The 5-year Productivity Inquiry: From learning to growth interim report, published yesterday, demonstrates the Albanese Government’s skills policies will result in taxpayers’ money being wasted, Vocational Education and Training (VET) students being less likely to complete their courses and graduates from skills programs being less likely to find a job.

This is a black mark on what was already a paper-thin skills agenda from the Albanese Government.

According to the Productivity Commission, Labor’s free TAFE policy would not increase quality of outcomes for students, was unlikely to provide community-wide benefits, and would be better allocated elsewhere including by supporting students to access training at industry-led Registered Training Organisations (RTOs).

The Productivity Commission also called out preferential funding for public training providers, a key feature of the Albanese Government’s skills policies, concluding that there is also no evidence that the quality of delivery is higher at public TAFEs than private RTOs.

It also found students are equally satisfied with public TAFEs and private RTOs, while employer satisfaction is in fact higher for private RTOs. The Commission found students training at a company accredited to deliver qualifications to its own workers are much more likely to complete their qualification than their peers, particularly students at TAFE.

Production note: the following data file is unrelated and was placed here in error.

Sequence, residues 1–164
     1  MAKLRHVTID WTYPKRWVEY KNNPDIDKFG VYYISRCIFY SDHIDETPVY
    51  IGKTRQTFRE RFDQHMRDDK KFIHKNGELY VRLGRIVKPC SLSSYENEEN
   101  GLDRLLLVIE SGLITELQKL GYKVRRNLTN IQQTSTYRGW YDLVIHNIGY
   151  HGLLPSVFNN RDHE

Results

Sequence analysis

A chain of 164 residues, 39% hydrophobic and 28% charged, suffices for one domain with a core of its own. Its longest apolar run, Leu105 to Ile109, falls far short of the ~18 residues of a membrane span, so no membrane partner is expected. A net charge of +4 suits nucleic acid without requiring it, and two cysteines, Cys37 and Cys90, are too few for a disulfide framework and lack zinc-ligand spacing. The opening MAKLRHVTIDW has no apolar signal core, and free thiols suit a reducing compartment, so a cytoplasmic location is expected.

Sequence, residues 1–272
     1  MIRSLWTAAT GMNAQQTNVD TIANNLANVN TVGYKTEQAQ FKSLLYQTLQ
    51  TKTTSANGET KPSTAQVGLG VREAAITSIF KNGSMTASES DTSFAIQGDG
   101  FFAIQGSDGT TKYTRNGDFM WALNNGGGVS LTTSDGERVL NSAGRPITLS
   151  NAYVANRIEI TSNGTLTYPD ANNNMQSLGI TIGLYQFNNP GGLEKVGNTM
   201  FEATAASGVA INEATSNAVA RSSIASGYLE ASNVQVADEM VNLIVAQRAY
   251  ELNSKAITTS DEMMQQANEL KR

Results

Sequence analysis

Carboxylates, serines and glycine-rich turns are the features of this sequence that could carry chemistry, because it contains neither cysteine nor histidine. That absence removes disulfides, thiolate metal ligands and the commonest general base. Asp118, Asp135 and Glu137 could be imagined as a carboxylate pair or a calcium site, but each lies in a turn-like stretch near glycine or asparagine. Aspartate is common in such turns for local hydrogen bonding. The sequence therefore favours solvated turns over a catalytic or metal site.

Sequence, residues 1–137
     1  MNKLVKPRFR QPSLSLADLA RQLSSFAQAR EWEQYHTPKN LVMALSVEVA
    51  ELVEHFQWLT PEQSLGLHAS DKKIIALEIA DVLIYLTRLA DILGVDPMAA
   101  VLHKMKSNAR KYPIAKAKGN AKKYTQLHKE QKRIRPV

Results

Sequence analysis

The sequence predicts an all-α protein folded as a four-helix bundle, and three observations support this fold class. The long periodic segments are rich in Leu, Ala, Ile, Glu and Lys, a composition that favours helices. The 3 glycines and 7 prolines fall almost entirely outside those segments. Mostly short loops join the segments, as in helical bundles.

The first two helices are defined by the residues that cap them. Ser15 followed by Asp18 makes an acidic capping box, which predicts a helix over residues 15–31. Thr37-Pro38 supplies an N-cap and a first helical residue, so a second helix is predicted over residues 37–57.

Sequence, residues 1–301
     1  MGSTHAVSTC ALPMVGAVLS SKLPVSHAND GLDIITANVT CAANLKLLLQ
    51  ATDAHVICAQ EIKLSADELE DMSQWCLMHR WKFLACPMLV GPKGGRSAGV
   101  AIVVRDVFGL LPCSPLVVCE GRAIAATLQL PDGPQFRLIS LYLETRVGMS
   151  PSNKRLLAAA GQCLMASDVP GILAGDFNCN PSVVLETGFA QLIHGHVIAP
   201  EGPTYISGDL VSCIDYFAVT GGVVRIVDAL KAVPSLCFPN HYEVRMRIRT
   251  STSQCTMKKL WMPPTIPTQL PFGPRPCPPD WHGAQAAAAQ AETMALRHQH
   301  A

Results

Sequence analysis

In contrast the Productivity Commission found the Coalition’s JobTrainer fund saw significant uptake in training, expanded places in areas of skill need, and successfully met demand as Australia kept training through the COVID-19 recession. It concluded that JobTrainer got students into jobs, should be considered as a model to get more students into training and had the potential to enhance Australia’s long-term productivity potential.

It is time for Anthony Albanese and Brendan O’Connor to acknowledge that they got their skills policy wrong and change course. There is still time before they lock in wasteful spending commitments in at the Budget.

One of the first things Anthony Albanese did as Prime Minister was rip skills policy out of the Education Department and put it in to the Industrial Relations portfolio – and clearly, it’s not working.

We need every single dollar we invest in skills and training to work as hard as possible, and we have a responsibility to our students to get this right—it is time for someone to take responsibility and address this report immediately.